It’s an interesting and funny story. You can understand the connection between dates and the pill factory, I guess? It seems odd, but the way I see it, dates lead to love which lead to sex which leads to a need for the pill. Perhaps whoever first started this trend was hoping to have a happy, birth-free relationship. It’s cutely ironic and sounds like something that was meant to be a joke, but perhaps became mainstream after one couple did it.
What’s also interesting, though, is what the source says about this not being part of her generation. It’s something that occurred among an older generation and then died before her generation go to following in their footsteps. Perhaps it’s because the factory was still in use during this older generation’s childhood. They may have seen and known of the factory, probably even heard about it once a week, what with what they were manufacturing. So when it shut down, it was more relevant for that generation to sneak in and see what was going on and, eventually, start going on dates there.
The source’s generation, however, would’ve grown up never knowing about the factory. Had they not researched it or heard about it, they might never have known what was made there. If they don’t know what the factory was for, then it loses the attraction as being a “hot date” spot. The irony and comedy of it is lost.
My informant is the mother of a USC student. She is an immigrant from Cameroon and came to America with her husband and son before giving birth to their daughter.
“A pregnant woman would, should…at all cost avoid seeing what she would consider as ugly until the gives birth. The fear, is that uh, her baby will become ugly if she does. It is also believed that if she eats a cobra before giving birth that it will speed the delivery of the baby. Again, this—cobra—is a delicacy usually reserved for only, for only the men. If you have not realized it yet, my people in every way see women as less than equal to men. A good woman is supposed to be behind her husband. He must have the last word, she must sleep behind him, she must please him at all cost. This is of course…changing with the access to higher education and influence of western culture. Divorce rates are soaring and more women are opting to marry later, not get married, and not have children…husbands are even blamed when their wives are troublesome because they cannot control her!”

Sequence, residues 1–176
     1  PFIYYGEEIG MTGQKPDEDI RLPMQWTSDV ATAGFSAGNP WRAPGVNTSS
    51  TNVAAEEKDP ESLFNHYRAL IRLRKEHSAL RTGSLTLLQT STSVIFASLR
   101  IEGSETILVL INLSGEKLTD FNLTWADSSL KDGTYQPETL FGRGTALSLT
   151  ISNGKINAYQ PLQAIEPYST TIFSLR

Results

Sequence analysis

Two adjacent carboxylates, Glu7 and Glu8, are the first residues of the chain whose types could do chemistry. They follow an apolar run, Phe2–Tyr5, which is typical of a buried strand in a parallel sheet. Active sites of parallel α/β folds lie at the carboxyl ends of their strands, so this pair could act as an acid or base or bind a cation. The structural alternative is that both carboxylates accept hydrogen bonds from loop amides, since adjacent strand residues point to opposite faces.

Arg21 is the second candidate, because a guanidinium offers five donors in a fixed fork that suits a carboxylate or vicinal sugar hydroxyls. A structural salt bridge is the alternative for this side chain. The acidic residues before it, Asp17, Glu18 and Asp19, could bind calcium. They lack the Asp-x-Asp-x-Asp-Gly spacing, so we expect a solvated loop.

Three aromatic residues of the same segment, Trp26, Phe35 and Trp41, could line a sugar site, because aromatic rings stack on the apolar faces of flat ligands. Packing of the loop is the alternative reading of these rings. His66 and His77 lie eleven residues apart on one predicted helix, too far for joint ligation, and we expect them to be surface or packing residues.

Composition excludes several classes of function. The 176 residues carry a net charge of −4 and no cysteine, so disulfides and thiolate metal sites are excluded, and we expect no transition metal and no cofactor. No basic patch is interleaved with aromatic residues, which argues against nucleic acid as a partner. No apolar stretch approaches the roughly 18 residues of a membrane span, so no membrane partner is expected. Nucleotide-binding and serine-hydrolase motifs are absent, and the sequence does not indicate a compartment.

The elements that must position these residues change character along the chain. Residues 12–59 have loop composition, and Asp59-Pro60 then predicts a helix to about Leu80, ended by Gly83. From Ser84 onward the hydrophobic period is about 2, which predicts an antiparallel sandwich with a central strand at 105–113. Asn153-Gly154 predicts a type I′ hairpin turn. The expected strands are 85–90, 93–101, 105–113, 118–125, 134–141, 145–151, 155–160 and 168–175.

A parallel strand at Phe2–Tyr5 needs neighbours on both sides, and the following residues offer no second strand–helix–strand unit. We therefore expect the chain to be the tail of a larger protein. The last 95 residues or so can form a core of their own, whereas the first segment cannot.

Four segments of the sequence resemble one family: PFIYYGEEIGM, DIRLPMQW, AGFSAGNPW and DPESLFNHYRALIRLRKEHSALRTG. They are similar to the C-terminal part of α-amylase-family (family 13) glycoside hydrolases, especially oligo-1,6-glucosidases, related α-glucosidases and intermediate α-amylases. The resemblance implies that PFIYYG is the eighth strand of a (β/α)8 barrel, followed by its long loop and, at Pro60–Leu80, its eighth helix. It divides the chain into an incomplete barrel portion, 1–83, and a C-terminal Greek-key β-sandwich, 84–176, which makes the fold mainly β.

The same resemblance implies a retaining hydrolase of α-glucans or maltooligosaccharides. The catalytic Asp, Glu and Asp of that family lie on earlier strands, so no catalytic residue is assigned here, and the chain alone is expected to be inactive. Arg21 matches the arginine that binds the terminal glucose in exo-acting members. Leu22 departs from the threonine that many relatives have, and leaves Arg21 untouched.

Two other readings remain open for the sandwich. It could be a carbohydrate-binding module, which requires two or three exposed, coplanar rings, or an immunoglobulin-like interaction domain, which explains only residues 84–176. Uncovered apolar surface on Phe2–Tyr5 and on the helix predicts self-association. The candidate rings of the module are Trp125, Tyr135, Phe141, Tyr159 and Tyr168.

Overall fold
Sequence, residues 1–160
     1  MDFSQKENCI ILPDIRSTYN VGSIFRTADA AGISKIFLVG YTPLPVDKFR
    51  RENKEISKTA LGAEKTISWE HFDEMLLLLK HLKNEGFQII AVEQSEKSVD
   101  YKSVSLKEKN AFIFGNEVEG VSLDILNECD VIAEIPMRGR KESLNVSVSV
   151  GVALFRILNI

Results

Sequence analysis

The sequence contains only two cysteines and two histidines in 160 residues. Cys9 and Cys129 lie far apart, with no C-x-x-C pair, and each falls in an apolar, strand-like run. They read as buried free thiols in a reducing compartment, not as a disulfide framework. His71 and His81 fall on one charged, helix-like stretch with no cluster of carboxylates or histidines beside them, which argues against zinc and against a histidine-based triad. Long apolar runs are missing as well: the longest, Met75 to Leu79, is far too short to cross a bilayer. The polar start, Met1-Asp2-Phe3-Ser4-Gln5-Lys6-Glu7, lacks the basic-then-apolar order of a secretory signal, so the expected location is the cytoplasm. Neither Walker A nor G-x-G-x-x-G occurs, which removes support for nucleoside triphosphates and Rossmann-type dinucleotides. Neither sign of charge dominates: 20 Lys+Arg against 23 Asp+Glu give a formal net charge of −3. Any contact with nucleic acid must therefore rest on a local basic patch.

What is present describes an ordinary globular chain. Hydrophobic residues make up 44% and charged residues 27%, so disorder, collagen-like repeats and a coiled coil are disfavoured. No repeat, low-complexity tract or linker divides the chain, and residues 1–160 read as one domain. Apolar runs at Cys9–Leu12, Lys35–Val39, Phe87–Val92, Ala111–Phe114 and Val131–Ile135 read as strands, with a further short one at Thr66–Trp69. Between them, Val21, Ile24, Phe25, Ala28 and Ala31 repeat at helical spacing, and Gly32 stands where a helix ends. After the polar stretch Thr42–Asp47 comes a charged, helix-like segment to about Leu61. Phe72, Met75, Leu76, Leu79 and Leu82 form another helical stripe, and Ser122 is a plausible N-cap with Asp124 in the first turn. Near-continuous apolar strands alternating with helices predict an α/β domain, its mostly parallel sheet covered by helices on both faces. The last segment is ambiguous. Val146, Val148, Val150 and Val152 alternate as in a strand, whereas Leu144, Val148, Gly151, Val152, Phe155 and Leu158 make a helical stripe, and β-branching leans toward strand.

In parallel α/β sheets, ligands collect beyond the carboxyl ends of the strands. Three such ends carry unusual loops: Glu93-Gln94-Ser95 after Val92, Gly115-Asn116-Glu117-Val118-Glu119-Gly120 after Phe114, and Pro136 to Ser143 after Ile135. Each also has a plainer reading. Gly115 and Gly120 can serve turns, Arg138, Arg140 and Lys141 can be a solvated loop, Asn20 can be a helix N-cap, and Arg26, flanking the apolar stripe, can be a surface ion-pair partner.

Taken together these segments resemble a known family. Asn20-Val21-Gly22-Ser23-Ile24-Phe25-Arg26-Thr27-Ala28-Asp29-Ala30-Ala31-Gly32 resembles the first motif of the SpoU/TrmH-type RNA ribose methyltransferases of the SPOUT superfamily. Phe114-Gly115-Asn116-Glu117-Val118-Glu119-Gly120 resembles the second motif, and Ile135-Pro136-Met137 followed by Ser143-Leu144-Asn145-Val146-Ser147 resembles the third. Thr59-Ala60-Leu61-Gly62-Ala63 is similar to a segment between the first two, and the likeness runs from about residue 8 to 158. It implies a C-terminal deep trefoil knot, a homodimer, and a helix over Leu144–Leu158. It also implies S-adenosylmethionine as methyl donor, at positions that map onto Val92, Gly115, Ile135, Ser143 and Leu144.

Analysis: This belief illuminates the importance of beauty within Cameroonian culture. Especially in the case of the birth being a girl, it would be desired for her to be beautiful so she could marry a wealthy and handsome husband. In addition, the allowance of women to consume cobra during pregnancy demonstrates that women who are bearing children are considered of a higher status than women who are not, because they are allowed to eat foods that are typically reserved only for men (who are looked at with more respect within Cameroonian society). My informant made a point of reiterating that men in their society are more highly valued than women, however also made note that within the western world these beliefs have lost value due to women in the United States being able to attend school and support themselves without a husband. Of course there are communities and families who still adhere strictly to these beliefs even though they live in a western nation such as America.